court, among other things not accepted to charged th. jury
' If the plaintiff in error, or the mob, or any one of them
while so assembled, by their acts, menaces or threats, cani
the defendant in error to leave his home aud fumily, nj
while absent his property was destroyed, the plaintifl in error
will be liable for the destruction, provided you ar. satisfied
from the testimony that the defendant in error C"uld hav.
ssved his property if he could have remained at hnm."
A verdict and judciuent wa rendered iu favor of ths de
fendant in error for Sl,wJ; a new trial was moved for and
refused, tbe plaintiff in error has appealed t i this court. Tbe
charge of the court is erroneons, tins being an action fur an
assault and battery, the defendant in error could only recover
such special damage as are strictly the conwiueocts ol the
trespass committed. The acts done must cunstitute apart
of one entire transaction of which the principle trespass was
the commencement. 4th Hump. 1:4. The court erred in per
mitting the proof to goto t'ujnry that tho defendant had
left for the State of K.ntncky, and tbe subetieut detrac
tion of bis property, unless it sppeand it wa a part of the
original trespass and ocr transaction, and tbp!ain:lffin error
was present aiding and abetting iu Hi- d":ructin of th
proyerty. From an examination of tin. record there is no
proof to sustain the verdict of the jury. The plaintiff in er
ror was in a crowd of men when violent aud abuuve languag
was used to the defendant in error by some one in the crowd,
he was not otherwise molested or disturbed, no assault or bat
tery was committed on his person, or other injury done him.
A few days thereafter he lctt his bom. for Kentucky, during
his absence his home and ont-buildings were destroyed. Ihjre
is no proof the plaintiff iu error had any agencita whatever
in the destruction of tbe property, nor is theie any proof that
he molested or need violent language to the defendant in er
ror, he ss with tbe crowd hal used the oSeusite epithets.
and if an injury had been done tbe defendant in error or anv
party with which tbe plaintiff in error was associated, they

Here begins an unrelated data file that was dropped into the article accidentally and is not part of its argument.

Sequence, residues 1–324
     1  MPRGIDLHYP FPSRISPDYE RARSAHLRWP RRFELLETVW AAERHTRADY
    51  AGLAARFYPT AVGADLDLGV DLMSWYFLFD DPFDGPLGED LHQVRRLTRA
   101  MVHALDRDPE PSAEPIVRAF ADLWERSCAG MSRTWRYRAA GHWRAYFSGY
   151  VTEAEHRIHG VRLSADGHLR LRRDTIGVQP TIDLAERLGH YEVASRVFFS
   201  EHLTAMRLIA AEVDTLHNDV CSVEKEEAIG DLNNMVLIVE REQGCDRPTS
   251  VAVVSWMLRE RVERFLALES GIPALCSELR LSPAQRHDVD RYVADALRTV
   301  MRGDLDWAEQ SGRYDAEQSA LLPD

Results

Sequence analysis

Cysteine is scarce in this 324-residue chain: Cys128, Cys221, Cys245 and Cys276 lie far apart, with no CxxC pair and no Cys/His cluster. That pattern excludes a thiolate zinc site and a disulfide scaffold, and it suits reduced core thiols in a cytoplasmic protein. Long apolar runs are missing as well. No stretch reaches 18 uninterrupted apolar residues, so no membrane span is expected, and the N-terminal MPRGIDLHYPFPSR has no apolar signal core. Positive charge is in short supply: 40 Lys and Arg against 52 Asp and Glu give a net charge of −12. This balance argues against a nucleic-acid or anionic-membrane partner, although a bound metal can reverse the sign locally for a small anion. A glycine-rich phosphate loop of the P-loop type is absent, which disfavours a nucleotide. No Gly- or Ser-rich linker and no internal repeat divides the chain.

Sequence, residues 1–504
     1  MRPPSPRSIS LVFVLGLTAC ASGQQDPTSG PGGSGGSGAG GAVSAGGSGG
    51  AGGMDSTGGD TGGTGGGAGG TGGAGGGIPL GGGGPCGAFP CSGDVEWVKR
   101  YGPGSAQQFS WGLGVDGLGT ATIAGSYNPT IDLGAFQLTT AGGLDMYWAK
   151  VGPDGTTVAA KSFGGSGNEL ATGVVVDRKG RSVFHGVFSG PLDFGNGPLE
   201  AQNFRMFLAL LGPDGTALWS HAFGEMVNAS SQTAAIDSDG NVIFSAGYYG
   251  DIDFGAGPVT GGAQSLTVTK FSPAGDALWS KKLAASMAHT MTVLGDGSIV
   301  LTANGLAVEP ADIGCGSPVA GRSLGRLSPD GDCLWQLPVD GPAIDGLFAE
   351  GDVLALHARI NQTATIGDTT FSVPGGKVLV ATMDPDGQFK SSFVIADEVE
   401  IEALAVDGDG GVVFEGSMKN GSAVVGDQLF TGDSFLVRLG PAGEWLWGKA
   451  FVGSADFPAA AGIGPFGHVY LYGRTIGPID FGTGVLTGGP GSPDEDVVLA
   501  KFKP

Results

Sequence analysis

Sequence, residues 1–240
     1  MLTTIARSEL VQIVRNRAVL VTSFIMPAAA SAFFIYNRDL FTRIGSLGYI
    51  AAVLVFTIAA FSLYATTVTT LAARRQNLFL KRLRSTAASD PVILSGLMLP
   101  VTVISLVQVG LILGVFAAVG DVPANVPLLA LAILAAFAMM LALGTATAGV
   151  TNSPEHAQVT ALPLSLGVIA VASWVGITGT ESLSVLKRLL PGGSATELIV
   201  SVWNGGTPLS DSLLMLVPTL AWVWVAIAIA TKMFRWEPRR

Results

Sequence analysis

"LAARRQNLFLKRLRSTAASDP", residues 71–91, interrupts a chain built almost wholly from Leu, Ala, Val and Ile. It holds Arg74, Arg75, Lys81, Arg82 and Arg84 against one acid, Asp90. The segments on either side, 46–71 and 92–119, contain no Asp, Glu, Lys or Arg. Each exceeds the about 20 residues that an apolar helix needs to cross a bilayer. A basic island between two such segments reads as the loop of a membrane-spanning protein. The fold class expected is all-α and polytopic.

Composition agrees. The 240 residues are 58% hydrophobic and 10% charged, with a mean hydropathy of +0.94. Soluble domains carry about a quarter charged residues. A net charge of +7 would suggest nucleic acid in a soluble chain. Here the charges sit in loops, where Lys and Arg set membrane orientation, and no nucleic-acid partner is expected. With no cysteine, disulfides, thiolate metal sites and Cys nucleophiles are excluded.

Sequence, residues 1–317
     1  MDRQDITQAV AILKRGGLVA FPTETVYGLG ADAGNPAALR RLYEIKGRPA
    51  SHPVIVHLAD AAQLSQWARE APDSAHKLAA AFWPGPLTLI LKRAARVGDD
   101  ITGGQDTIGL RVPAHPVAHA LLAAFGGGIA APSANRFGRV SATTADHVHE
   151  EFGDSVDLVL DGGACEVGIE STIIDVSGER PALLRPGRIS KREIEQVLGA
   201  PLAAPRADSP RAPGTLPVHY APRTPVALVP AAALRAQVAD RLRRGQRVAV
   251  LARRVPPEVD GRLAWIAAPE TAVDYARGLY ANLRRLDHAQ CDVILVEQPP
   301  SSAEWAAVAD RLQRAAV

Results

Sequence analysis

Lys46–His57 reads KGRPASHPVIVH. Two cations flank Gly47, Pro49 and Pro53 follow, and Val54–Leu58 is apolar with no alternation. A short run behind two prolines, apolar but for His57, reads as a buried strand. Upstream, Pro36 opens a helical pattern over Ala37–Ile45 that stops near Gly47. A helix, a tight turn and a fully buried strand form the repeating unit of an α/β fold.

having assembled for an unlawful pnrpose, tue plaintiff in
error wonld have been responsible for the conseqneuces.
it is a settled principle of this court if there is any .videnc.
to sustain th. verdict tt will not be disturbed. In "this case
there is a total want of .vidence, it ought to have been set
aside and a new trial granted, a large discretion is vosted In
tbe Circuit Judge in such cases, and where the verdict is not
sustained by the proofs it ought to b set aside. The peace
and quiet of the country greatly depends npon the proper ex
ercise of this discretion, and never before iu the history of
our country has it been so important for the Circuit Judges
of the State to so seduously guard the trial by jury, aud see
that it does not become a means of oppreiou rather than
justice unless the verdict is sustained b) the prc"f it ou-ht not
in any case to stanu.
The judgment is reversed aud a new tual awarded.
SHACK ELFOKl', JuJe.
A true copy, Test : M. L. Pavtfusos, Clerk.
Decision of the Supreme Court.
Judges Sam Mima Ay, James C. Shackelfohd,
A3fD ALVKT X1AWKISS.
Thomas H. Caldwell, Attorney General and Re
SAMUEL B. DAYIDSON v. BENJAMIN MANLOVE.
This is is a suit brought by the plaintiff in error asainstthe
defendant for the conversion of a mare. It arpears the
defendant in error, in September, 1S02, went with a parry to
tbe house of plaintiff tor the purpose or pressing horses for
the rebel government. The defendant did cot bc'.uug to the
command, but was along to gie receipts fjr horses taken.
On arriving at plaintiff's, tbe horses were, by order of defend
ant and One Young, driven, into a lot. The mare was caught,
the defendant remarking she wonld do. The animal was ta
ken off by the party against the remoBstrauce of plaintiff. A
the company were about leaving, the deft ni nnt said be would
trv and eet them to return her. The defendant went to the
camp of the party, and remained with them all uit;ht. Ou tbe
next morning he saddled aud rode the mare. Difring the day
she was accidentally shot and killed. It appears, from affida
vits, after the jury had return d, the drundaut and one ot
the jury vtero seen iu close conversation, and a short tiu
thereafter the jury returned a verdict.
Tho court, among other things not excepted to, t br -..J the
jury, " if the defeudant, though oue of tbe party objected tn
any interference witn tne norse, was opposed to i-.amg it, did
not aid in taking, yet if the horse was taken by others, and he
afterwards saddled the horse, or had mauv.al possesion ol
him with the 6eaa M intention of returning him to the Dlain-
tiff, be wonld not be responsible of liable to a conversion. "
The jury found a verdict for defendant., the p.';-intill moved
for a new trial, which motion was overruled, and the plainirfl
has appealed to this court. It is now insisted that a portioD
of the charge set out is erroneous, or tended to mislead the
jury. Inat portion ol the charge, as an abstract question of
law, is correct, out was not applicable to the tacts ot the rasn
before the jury. According to the rulings of this court, it is
no gronnd of reversnl unlets the charge K-ndcd to mislead the
jury, trutcher vs. rieiuing, - linnip., ;a: In the case ol